Monday, August 17, 2009

This Ought To Encourage The Young To Read Nonfiction

Underwear: What We Wear Under There by Ruth Freeman Swain, is a little heavy on text and probably a little too technical for the younger kids in its age range (6 to 10 according to the author's website). But it is very high interest. And while the illustrations are kind of on the traditional picture book side, they are good traditional picture book illustrations. I'd describe the writing style as clear, straight nonfiction. Overall, I think Underwear would be a nice book for helping kids make the transition from reading stories to reading fact.

A Gauthier family story about this book: I like to put books out next to the bed for houseguests. I put Underwear out for an elementary school teacher staying with us, who made the mistake of telling me afterwards that she enjoys picture books, meaning I'll have some waiting for her whenever she arrives. She shared the book with another houseguest, who took particular note of the following passage:

"The bottom half of a union suit got the name "long johns" from John L. Sullivan, an American bare-knuckles boxing champion of the 1880s and 1890s. Besides being a prizewinning boxer, he was known for fighting in his long underwear."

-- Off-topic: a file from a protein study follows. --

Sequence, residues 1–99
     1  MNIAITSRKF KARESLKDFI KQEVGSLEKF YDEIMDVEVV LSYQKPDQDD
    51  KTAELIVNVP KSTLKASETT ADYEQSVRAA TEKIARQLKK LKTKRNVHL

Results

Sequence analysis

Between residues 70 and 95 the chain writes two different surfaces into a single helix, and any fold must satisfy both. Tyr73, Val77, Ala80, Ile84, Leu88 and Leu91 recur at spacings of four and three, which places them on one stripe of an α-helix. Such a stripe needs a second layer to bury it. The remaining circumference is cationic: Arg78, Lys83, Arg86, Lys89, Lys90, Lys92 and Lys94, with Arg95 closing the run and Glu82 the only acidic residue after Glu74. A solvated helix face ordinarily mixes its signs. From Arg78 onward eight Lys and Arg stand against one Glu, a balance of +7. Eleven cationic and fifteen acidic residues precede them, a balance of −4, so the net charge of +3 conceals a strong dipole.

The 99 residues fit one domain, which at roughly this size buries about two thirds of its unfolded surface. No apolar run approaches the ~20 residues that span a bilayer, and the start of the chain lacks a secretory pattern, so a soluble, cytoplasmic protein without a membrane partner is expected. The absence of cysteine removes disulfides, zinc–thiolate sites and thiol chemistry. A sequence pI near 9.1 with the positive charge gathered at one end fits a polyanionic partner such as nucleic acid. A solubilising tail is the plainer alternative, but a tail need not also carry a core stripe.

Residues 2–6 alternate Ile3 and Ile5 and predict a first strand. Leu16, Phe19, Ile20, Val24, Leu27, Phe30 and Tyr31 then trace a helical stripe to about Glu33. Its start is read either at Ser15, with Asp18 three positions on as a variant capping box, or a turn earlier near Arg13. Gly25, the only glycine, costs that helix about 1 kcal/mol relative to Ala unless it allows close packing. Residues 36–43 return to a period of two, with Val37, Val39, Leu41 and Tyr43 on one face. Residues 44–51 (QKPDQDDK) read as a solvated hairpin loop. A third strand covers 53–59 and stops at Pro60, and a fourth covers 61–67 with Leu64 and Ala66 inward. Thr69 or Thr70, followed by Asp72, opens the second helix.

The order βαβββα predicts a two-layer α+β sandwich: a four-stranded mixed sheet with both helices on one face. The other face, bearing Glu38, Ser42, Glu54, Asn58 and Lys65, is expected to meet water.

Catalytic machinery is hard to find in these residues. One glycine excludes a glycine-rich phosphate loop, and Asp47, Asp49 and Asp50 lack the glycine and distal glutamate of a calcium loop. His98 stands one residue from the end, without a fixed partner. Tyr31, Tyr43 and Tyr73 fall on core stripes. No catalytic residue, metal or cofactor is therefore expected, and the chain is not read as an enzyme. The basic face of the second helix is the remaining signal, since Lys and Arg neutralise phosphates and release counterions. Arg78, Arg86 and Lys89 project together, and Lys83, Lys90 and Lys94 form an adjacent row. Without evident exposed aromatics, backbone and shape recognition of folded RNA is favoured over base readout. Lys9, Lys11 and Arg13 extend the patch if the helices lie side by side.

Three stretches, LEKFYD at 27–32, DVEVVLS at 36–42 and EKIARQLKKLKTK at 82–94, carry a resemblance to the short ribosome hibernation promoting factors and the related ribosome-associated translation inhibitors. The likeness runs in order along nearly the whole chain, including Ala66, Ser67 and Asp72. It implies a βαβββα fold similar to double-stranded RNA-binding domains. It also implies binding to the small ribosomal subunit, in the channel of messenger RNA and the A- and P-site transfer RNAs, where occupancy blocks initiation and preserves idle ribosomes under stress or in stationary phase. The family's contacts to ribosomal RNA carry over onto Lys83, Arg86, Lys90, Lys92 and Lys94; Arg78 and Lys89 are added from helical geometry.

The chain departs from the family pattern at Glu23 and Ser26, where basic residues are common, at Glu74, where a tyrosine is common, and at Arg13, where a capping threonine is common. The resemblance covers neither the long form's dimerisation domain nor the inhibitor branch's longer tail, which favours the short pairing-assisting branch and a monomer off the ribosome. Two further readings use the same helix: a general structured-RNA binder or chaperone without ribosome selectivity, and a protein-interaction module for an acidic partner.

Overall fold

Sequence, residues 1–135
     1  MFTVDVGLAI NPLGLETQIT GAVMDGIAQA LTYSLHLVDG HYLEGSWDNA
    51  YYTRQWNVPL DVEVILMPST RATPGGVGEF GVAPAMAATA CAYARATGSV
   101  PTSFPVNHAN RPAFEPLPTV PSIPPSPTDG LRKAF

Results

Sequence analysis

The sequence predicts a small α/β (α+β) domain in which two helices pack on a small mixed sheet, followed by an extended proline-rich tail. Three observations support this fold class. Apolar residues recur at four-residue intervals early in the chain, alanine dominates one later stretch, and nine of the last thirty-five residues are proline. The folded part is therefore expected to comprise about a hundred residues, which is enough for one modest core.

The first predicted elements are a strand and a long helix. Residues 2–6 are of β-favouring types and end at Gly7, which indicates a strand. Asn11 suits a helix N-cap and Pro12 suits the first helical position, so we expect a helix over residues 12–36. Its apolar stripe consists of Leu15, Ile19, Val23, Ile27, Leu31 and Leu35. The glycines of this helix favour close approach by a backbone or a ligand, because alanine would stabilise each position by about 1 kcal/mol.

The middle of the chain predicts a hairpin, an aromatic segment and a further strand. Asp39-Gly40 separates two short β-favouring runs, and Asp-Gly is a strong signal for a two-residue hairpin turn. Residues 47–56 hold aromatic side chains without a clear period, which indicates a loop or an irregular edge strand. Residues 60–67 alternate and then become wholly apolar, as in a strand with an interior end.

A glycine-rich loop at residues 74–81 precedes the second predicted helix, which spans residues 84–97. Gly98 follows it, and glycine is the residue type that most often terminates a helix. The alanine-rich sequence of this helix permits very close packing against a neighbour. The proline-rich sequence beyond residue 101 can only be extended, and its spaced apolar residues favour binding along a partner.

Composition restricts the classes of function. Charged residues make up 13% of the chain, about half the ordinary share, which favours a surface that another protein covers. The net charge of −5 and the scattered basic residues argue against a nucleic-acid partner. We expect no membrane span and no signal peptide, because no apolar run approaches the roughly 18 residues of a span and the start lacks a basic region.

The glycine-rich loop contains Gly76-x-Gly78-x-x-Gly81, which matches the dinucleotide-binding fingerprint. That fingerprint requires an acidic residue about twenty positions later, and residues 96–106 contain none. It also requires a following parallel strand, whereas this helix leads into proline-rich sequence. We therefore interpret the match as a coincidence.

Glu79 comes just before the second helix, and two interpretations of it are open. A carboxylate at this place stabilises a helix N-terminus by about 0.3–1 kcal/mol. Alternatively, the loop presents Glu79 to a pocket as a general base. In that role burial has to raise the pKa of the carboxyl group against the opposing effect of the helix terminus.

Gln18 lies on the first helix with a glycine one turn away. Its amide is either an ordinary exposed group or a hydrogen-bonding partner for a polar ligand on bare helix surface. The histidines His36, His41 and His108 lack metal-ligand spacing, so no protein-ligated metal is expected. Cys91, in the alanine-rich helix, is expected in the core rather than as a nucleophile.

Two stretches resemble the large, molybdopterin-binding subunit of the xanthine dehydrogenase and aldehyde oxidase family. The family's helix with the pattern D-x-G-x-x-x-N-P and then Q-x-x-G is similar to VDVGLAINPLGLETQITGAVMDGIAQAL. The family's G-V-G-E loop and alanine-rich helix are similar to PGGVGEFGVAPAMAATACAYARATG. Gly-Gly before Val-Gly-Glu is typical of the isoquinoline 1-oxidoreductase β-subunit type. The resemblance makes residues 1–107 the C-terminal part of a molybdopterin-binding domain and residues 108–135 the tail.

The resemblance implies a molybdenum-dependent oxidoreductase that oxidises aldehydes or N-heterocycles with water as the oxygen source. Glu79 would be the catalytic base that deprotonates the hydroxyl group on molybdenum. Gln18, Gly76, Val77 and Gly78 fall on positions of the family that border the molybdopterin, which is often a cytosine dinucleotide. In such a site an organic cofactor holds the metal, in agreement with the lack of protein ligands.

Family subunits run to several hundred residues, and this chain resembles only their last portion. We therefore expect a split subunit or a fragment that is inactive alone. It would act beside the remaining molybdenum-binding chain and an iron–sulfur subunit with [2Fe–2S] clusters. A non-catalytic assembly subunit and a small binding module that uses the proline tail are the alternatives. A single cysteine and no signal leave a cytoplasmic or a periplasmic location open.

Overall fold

Well, it turns out that the second houseguest works in a financial-type office that shall remain nameless with a guy who will also remain nameless except for the fact that his middle initial is "L" and his last name is "Sullivan." And my houseguest had heard that his Something L. Sullivan was descended from the John L. Sullivan.

Text messages were sent. The passage in question was copied. And when the dust settled, it turned out that, yes, indeed, we have a family member who knows one of John L. Sullivan's descendants. I love it when this kind of thing happens.

Training Report: We're just not going to talk about this anymore.

1 comment:

Ms. Yingling said...

The only thing that keeps me rolling out of bed and hitting the tread mill is thinking about the fact that my mother can no longer do that. Gives me a different perspective. I hope that you can find one to keep you going as well.